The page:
“For cars or for people?”

A Lebanese perspective on mobility

28.02.24 | Aktuelle Themen, Info

von Tabea Schünemann


In autumn 2023 I had the chance to study and live in Beirut, Lebanon. Although I had to leave after a few weeks because of the war in the Middle East, I´m still thankful for this experience and feel very enriched by it. The people in Lebanon have been facing one crisis after the other for the last years. Many of them have left the country, others are just trying to survive. Beirut, once seen as a middle eastern Paris, is a very wounded city. Still, they are so many amazing people, managing their lives, figuring out their role in this country, not giving up on hope. 


One of them is Chadi Faraj. I had the chance to meet him on one of his guided walking tours. When we walked around a beautiful city in the mountains of Lebanon, he told us about RidersRights, an NGO he founded with the aim to improve public transportation and mobility justice in Lebanon. Chadi, who describes himself as a “public transportation enthusiast”, is originally a telecom engineer. When he moved from a Lebanese village to Beirut to search for a job (“because that´s where you go in Lebanon”), he was trying to figure out the bus system there. At this point, you must know that there is a system. The buses have lines and routes they follow. But when Chadi arrived, there was no chance to find out about it and he wanted to change that. “So, I started to work on the busmap project”, he says. With his cofounder Jad Baaklini he made the bus system in Beirut visible for all on a map. Honestly, I don´t know how I would´ve used public transport in Beirut without that.


In 2016, they submitted for becoming an official NGO. After three years of time and energy consuming efforts and being refused by the government for details, they finally reached their NGO status. It became a community with now five board members and a lot of public recognition. They won many competitions, e.g. the “Switchmed Grassroot Initiative competition” in 2016 and are referred to in questions of mobility. “From two guys who started to break a narrative to being the reference”, Chadi says proudly. What does he mean by breaking a narrative? Their goal is to make public transportation accessible for all people. To do so, they want to break the former and still ongoing narrative about it being chaotic, not usable, dangerous, only for poor people. This segregates people.
Rich people” go by car, “poor people” by bus – a narrative that is also present in Germany in a way. Since the Lebanese society is very segregated (having experienced a civil war not very long ago), Chadi´s project brings together social and climate issues. They are present on social media, blogs, webinars, …. In one project people photographed and shared their bus rides. Other projects dealt with drivers during Covid or made deals with shopkeepers to get discount when you have a bus ticket. The idea is to get more people to using it, including disabled people and women. Their vision is mobility justice. Mobility for all. As our right. “It´s a public space. We think it´s common”. 


The idea is to improve and reflect the informal public transportation system that is already there and not replace it by “European” systems. To find solutions fitting their own situation – a challenge for the global answer to the climate crisis. Chadi sees RidersRights as “part of the global vision for mobility”.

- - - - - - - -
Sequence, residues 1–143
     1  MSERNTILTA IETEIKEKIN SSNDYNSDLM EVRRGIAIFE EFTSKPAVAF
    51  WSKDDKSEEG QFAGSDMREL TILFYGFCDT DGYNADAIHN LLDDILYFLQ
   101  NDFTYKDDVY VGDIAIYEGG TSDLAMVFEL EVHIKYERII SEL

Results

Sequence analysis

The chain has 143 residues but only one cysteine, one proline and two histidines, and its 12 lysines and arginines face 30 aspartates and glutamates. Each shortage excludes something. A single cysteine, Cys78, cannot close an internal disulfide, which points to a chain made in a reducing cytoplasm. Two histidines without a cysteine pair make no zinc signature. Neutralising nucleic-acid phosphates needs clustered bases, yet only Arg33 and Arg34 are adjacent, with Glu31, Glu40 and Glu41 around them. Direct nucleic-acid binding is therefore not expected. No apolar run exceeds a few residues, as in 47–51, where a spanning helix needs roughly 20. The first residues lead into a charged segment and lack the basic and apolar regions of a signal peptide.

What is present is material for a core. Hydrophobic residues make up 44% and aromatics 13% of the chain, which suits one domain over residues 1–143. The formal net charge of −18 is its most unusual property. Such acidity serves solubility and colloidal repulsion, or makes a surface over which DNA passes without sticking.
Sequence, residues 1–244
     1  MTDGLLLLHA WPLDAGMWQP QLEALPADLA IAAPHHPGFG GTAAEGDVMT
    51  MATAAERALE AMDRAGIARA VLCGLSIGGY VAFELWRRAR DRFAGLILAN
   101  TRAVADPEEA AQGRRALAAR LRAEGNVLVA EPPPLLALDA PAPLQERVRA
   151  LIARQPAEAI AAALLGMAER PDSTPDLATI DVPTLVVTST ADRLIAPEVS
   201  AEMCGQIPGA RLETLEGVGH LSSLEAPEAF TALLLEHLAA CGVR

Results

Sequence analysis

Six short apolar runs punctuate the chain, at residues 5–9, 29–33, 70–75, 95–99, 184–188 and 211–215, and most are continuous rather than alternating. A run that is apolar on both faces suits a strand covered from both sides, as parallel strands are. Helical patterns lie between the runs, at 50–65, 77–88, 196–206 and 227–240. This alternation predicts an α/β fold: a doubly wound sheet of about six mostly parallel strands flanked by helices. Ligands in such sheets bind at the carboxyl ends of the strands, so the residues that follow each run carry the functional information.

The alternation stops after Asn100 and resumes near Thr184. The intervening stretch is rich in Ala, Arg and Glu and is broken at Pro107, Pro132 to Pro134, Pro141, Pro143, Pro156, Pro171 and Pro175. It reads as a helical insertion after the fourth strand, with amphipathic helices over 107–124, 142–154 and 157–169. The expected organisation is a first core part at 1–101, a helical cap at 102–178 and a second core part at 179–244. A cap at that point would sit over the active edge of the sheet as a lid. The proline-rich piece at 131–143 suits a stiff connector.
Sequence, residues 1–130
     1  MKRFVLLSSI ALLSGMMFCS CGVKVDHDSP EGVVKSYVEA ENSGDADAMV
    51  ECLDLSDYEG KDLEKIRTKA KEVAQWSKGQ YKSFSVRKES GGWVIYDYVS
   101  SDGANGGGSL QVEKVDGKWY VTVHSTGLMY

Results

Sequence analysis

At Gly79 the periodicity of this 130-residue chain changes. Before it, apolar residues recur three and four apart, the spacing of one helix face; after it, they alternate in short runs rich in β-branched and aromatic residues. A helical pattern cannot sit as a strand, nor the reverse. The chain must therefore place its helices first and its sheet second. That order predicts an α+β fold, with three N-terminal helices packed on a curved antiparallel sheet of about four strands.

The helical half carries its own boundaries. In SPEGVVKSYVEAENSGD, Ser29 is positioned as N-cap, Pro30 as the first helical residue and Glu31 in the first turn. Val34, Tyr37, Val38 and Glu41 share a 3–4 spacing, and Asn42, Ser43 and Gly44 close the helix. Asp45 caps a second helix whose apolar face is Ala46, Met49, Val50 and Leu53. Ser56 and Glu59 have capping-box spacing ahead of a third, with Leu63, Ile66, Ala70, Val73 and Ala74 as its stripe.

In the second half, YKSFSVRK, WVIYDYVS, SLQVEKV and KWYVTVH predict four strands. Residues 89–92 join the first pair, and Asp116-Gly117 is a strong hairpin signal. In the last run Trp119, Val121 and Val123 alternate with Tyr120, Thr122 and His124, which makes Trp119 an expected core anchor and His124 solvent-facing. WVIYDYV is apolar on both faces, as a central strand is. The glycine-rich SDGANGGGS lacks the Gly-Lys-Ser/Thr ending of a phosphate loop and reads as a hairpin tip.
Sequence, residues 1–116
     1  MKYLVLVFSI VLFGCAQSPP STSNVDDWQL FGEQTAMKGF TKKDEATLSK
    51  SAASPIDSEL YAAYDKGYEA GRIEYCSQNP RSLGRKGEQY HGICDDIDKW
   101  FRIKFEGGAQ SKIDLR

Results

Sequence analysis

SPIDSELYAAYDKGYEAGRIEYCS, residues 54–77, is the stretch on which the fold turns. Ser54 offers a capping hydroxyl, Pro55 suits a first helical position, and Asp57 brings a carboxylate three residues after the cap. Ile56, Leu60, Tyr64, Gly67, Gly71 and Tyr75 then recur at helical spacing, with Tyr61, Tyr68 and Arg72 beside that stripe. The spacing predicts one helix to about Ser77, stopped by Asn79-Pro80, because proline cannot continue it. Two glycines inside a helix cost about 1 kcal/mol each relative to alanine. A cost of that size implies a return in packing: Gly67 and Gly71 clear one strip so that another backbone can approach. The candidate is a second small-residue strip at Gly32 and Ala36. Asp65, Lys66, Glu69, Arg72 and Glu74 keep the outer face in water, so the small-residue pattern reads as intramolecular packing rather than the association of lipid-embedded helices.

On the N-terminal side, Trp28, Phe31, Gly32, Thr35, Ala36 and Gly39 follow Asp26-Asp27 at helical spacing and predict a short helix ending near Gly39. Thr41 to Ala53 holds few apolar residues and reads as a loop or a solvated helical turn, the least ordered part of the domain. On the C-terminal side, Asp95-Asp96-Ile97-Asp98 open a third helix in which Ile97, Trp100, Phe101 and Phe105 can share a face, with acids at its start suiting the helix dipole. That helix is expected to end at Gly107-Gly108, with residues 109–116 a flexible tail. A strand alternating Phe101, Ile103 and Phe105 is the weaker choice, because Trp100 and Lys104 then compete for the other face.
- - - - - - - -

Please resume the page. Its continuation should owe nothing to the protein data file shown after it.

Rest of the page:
They were present at COP28 and he sees it as a step, also in the mobility sector. It is very clear to him where the challenges for a change in mobility comes from: the fossil fuel industry and car´s companies. He asks the decisive question about mobility: “is it for cars or for people?” Electrical cars are only part of the solution for him. The answer lays in making mobility a priority in policies and investing in public transportation. 


The next steps for RidersRights are institutionalization, research, and partnership. With many projects and ideas, they are quite busy and happy about any help or donation. ☺ It´s not easy to hold this issue high in times of multidimensional crisis in Lebanon and the world. For me, each encounter with Chadi and his dreams, becoming true step by step, is very impressive. It´s inspiring to see how he saw a problem, connected himself with others and became creative in solving it, very aware of its social, political, and global dimensions they are dealing with as well.
For me, he´s an example of the impact individuals have – not only dedicating their own behaviors to climate-justice but helping others collectively to do so as well. 



Tabea Schünemann, January 2024 

This text is based on interviews with Chadi Faraj

For more information, see


One of the yearly campaigns that Riders‘ Rights do is to support its community, as it started in 2020 the Covid time by launching a crowdfunding campaign called “bus line heroes” to be in solidarity with the bus drivers of the informal bus system in Lebanon because especially the government didn’t give them any priority in vaccination and support. RR managed to collect for them a good amount of money to support them to relaunch their activity at the time of Covid, and this campaign was cohosted by TRU, the transits union of Seattle, who managed to create and share the campaign.

It became a yearly campaign to support the drivers and now also the riders of the bus system in Lebanon especially in this economic crisis that Lebanon lives in.

If you like to support the campaign donate here: 


Thank you!

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